Author

Kelly Chang

Publication Date

Spring 2012

Degree Type

Master's Project

Department

Computer Science

Abstract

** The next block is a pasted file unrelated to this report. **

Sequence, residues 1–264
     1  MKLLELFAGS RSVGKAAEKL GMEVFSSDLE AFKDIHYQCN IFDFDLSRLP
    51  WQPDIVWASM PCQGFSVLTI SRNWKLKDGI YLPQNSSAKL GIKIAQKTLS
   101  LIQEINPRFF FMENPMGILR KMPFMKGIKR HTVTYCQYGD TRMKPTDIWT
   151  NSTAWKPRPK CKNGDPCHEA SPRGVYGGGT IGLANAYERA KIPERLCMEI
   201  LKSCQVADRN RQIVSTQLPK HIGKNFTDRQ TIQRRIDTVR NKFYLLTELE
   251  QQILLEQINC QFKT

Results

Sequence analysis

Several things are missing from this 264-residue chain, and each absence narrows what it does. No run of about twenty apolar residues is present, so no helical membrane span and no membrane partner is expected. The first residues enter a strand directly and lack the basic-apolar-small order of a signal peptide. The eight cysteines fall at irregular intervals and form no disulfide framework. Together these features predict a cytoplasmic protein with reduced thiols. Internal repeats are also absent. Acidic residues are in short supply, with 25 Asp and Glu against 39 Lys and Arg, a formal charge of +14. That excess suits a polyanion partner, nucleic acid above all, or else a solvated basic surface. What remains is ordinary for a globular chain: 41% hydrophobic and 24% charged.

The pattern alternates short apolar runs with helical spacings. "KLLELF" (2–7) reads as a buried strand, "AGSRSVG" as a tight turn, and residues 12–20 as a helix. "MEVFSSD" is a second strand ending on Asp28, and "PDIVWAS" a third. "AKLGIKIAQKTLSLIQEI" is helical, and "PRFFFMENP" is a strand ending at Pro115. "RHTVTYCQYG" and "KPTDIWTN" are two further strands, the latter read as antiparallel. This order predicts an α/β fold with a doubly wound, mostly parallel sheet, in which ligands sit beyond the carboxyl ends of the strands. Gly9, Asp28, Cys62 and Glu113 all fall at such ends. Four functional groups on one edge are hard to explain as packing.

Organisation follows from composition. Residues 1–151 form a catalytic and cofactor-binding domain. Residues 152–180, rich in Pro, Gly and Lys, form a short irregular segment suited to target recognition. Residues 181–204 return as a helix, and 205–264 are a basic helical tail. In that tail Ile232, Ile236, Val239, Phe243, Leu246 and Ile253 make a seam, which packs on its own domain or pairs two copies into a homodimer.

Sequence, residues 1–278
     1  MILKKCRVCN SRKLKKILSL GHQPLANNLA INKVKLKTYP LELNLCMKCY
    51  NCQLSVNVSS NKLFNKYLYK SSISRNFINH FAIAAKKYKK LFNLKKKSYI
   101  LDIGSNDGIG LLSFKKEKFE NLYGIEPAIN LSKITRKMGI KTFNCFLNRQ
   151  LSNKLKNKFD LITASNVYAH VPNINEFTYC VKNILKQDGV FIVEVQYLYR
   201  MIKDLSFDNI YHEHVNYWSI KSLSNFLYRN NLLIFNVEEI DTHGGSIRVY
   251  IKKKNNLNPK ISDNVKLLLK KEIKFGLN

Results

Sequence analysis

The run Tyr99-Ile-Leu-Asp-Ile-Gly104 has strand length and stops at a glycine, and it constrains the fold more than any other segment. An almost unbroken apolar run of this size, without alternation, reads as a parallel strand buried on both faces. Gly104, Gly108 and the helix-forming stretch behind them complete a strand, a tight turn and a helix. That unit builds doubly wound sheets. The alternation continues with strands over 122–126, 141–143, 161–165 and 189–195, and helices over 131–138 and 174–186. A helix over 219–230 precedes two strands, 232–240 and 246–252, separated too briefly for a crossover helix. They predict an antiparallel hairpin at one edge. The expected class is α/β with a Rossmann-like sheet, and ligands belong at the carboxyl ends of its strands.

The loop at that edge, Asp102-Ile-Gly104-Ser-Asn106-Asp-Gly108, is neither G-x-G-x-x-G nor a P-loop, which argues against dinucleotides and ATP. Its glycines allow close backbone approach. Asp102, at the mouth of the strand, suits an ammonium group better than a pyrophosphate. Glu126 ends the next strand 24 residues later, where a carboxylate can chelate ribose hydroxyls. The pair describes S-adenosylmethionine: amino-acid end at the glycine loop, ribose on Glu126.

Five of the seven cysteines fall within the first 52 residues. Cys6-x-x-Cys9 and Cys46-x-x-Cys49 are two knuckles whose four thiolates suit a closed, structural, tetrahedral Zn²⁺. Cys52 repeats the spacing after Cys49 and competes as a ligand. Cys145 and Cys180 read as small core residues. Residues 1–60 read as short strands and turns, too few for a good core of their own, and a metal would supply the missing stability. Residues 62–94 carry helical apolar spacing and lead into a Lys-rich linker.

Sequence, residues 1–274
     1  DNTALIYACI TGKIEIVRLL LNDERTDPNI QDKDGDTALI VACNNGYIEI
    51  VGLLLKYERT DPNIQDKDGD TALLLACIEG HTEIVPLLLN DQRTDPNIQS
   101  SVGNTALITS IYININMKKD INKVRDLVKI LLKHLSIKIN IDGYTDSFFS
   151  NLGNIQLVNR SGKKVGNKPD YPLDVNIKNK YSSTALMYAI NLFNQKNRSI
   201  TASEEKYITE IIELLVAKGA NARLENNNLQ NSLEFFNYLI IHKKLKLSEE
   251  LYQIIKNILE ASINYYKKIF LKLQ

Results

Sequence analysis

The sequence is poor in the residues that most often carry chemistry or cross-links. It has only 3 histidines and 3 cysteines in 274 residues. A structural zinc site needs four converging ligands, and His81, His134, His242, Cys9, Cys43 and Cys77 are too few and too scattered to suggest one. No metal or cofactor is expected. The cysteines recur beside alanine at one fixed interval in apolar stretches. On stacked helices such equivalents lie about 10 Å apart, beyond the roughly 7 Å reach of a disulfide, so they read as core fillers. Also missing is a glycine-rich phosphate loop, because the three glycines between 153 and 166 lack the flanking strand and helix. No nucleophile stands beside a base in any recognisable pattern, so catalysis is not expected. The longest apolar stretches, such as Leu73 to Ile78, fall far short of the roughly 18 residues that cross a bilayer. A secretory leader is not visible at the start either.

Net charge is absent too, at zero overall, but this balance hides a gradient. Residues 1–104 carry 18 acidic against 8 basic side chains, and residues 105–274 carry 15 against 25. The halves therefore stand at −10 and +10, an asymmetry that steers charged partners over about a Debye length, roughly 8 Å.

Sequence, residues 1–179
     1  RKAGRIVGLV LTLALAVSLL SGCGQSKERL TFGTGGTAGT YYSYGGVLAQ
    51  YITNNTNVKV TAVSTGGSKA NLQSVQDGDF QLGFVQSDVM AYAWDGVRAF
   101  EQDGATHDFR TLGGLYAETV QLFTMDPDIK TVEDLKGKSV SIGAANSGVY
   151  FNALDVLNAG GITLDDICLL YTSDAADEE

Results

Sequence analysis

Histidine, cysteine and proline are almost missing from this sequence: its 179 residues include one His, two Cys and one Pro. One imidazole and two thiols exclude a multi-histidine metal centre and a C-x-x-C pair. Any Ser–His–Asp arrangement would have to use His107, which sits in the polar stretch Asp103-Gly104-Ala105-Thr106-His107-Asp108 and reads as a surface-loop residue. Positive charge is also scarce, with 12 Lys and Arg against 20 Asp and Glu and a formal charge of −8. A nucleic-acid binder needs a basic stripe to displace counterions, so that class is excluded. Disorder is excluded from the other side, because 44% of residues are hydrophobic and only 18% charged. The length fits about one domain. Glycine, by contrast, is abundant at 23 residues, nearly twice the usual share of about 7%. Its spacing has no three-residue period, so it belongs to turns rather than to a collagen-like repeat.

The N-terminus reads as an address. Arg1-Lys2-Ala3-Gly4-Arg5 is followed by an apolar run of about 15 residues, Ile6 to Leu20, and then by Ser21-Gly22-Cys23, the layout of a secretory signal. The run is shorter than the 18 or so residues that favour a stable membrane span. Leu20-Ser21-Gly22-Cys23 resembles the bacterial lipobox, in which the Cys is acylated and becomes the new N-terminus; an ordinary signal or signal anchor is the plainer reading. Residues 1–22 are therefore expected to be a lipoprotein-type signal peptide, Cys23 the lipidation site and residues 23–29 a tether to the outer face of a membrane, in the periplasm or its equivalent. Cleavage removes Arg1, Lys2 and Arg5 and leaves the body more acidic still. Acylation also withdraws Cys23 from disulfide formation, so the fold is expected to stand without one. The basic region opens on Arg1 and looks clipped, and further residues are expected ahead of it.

Rotor cipher machines played a large role in World War II: Germany used Enigma; America created Sigaba; Britain developed Typex. The breaking of Enigma by Polish and (later) British cryptanalysts had a huge impact on the war. Despite be- ing based on the commercial version of the Enigma, there is no documented successful attack on Typex during its time in service. This project covers the Typex machine. We consider the development of Typex, we discuss how Typex works, and we present and analyze two distinct cryptanalytic attacks on the cipher. The first attack assumes the rotor wirings are known and uses Turing’s crib attack–originally developed for Enigma–to recover the settings of the stepping rotors. It then performs a hill-climb to recover the static rotor settings. The second attack assumes that the rotor wirings are unknown. This attack uses a nested hill-climb to find the wirings of the stepping rotors.

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